Catie Rutledge

Catie Rutledge

Catie Rutledge Artist artworks for sale

  Rated 4.5 / 5.0 by 84 clients as the best artist
  Artist: Catie Rutledge
 Live in: Madison, United States
 Artworks for sale: 23.00
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Catie Rutledge Artist Bio:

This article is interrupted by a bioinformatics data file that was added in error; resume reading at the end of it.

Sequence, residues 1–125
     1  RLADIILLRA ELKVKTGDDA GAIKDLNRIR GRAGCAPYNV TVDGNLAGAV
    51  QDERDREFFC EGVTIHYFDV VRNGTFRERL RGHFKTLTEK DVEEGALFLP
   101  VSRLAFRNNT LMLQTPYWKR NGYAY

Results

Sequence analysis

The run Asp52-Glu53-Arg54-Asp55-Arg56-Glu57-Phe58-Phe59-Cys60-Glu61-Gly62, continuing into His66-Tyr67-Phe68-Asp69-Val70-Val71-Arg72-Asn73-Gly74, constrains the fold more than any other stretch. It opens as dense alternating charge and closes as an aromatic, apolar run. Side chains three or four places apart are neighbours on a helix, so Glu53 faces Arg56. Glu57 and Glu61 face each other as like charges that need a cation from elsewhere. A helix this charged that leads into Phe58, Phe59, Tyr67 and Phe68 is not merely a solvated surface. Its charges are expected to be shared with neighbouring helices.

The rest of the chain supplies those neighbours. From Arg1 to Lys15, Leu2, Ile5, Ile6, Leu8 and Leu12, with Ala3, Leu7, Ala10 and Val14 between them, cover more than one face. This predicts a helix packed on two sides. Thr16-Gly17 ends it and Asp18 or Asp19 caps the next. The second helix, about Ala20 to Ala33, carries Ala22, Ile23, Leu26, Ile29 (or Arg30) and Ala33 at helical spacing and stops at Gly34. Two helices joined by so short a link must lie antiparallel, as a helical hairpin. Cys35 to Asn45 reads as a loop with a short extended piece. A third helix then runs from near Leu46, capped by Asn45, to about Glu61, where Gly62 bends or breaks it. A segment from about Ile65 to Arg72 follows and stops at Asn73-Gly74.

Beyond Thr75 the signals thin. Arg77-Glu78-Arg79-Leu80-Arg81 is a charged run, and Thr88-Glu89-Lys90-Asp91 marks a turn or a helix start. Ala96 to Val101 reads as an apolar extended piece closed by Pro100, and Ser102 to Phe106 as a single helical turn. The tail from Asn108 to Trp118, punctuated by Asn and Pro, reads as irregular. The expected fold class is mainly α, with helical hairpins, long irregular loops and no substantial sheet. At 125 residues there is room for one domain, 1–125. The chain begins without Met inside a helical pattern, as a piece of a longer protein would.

My life changed forever on February 15, 2011. My father, a man with whom I had always had a very tempestuous relationship, committed suicide in the woods behind our house. My work has changed dramatically in the past year as I have begun to gravitate towards performance and video in my artistic practice, eschewing painting for a medium more immediate and temporal. When all logic seemed to have vanished from my life I began to investigate the crests and pitfalls that steered my perception of and engagement with the everyday. This included videotaping myself as I recounted the day of my father’s suicide and staging a public performance where I shaved my armpits and my legs. These works were birthed from an impulse to push something uncomfortable and private out into the public, and in both instances I was able to bring something heavy or unspoken out into the open. Sadie Benning, Louise Bourgeois, and Tracey Emin continue to inspire me with their ability to reveal incredibly intimate details about their lives while simultaneously exploring the representation of the sexualized female figure. I am interested in how I can consider my own naked body inherently obscene by virtue of seeing myself through the male gaze. I present my naked form continually in my video works in the interest of addressing the discomfort I feel with the sexuality that is inescapable in my own image. In I lay beside you and I felt alone, I cover my body in lipstick to make myself both object and artist, marked by an object of stereotypical womanhood. In the work, I read a text written by Marina Abramovic in a dual effort to align myself with the grandmother of performance art while also calling attention to Abramovic's continued refusal to call herself a feminist. My most recent body of work uses actions traditionally coded as “female,” like applying lipstick or shaving my legs, to explore very private experiences. The inspiration for these works range from the emotions I felt after my father’s suicide to the fears I have in entering into an intimate relationship. The Lip Sync Series in particular has provided a means to explore many of my most private thoughts. Numbered sequentially, each piece starts when I apply lipstick and use my mouth as a drawing tool with which to mark a surface. Although I am moving my mouth to lip sync a text, no sound emerges. The texts, surfaces, and modes of documentation vary according to the intent of the piece. My interest in the private vs. public is visible in my first significant body of painting work, which amassed images of sexuality and consumption from popular culture, bringing both together to create vulgar, darkly comic monsters. Although I have since moved to using more personal imagery in my work, a similar sentiment and curiosity drives my exploration. I aim to unearth the personal in order to find the hidden connections that characterize everyday life.